All images courtesy of Galerie Richard unless otherwise indicated
Color is a function of reflected light and it is intrinsic to everything we see. Color is also freighted with emotion for humans – certain colors can excite or depress us even without our awareness – teases, shouts, whispers, sings. Color can be fugitive or it may sound an alarm. As a painter and former paint-maker, color has been a lifelong obsession for me. It’s also the focus of a new, stunning group show at Galerie Richard on the Lower East Side.
A standout of the show for me is the pairing of Jamie Martinez’ paintings, which bend the world into prismatic shapes, hanging across the gallery from Carl Fudge’s digital screen prints. While Fudge’s images rely on the familiar square building blocks of the pixel, Martinez’ paintings shimmer and bristle with triangles. Where Fudge’s prints have a rhythmic pattern, Martinez’ work takes the viewer through a funhouse mirror. While Martinez’ paintings make the only nod towards representation in the show, Fudge’s work enticingly resists the eye’s desire to resolve the patterns into a pictorial space.
Another lyrical pairing at the front of the space is the conversation between the work of Dennis Hollingsworth and Kim Young-Hun. Working in a very similar colorspace to Kim Young-Hun, Hollingsworth’s paint stretches, slides, bunches, gathers, and skids across his surfaces, evoking natural forms with a chaotic energy. Kim Young-Hun, in contrast, carefully stacks stroke upon same-sized stroke along a horizontal axis. For this viewer, they had a soothing effect, bringing to mind the Ocean Park paintings of Diebenkorn or the vertical landscapes of Wayne Thiebaud.
In the back section of the gallery, three artists exemplify very different ideas about the surface plane of a painting. Along the back wall, a row of same-sized canvases by Noriko Mizokawa treat a similar looping and bubbly form with different cheerful color treatments, including metallic reflective paint in some passages. Seeming to scowl at the cheerful energy of Mizokawa’s work are a suite of velour paintings by Joseph Nechvatal. Nechvatal’s paintings are created with a computer/robotic assisted process that incorporates computer viruses and subtle images of the human body. Nechvatal’s work seemed to disappear for me the more I wanted to see it, an aggressive minimalism that makes its presence indirectly felt. Finally, Koen Delaere’s work triangulates this interplay of texture with strong lines and an intense surface treatment. Natural parallel ridges rise up in translucent acrylic from these canvases in seismic rhythms, bringing to mind the whorls of a fingerprint.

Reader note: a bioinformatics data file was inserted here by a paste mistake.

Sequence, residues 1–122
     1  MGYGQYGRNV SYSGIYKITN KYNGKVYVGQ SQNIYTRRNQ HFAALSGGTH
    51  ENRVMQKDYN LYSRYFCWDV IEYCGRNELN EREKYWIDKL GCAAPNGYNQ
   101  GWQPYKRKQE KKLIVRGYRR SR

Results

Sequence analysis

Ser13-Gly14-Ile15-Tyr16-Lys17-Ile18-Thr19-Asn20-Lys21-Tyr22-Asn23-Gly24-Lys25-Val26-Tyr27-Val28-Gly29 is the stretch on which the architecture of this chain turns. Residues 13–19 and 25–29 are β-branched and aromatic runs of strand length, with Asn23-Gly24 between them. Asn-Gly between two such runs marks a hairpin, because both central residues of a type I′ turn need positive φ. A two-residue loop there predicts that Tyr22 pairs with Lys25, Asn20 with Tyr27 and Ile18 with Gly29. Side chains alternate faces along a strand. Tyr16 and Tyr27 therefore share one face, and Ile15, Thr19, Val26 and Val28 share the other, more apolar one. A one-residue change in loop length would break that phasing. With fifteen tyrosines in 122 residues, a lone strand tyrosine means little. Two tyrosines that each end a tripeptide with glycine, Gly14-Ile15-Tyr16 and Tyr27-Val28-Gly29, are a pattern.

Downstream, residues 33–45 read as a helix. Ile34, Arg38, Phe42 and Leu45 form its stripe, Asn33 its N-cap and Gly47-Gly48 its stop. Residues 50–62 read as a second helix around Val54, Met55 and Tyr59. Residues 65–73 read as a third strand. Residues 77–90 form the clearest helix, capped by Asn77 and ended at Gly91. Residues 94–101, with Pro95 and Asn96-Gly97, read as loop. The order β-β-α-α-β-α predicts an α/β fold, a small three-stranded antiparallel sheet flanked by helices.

This show is a continuation of an exhibition concept that had begun earlier in the year by Saul Ostrow in the show ‘Position Matters’. Taken together, these shows investigate the primary elements which define an artwork in the mind of the viewer. Explorations of color are what bring this diverse group of artists together, but the ‘Matter’ of the title has an important supporting role. Tensions between digital creative processes and more traditional art materials run through the show. While much of the work is mirror-smooth, Hollingsworth and Delaere in particular build up sculptural textures to tease and delight the eye. I experienced this show with the full force of a Sunday afternoon’s autumn light flooding in from Orchard Street, and I enjoyed the way the warm sunlight played across the surfaces of the work, enhancing the diverse uses of color.
“Color Matters” at Galerie Richard through November 17
Koen Delaere, Carl Fudge, Dennis Hollingsworth, Kim Young-Hun, Jamie Martinez, Noriko Mizokawa, and Joseph Nechvatal
121 Orchard Street in Manhattan
Sharilyn Neidhardt is a Brooklyn-based visual artist. She is a co-founder of the artists’ community trans-cen-der and is an assistant curator at Friday Studio Gallery. She’s an avid cyclist, loves midnight movies, and speaks only a little German. Her first solo show ‘Supermassive Black Hole’ opened Sept 7 at Art During the Occupation in Brooklyn. More at sharilynart.com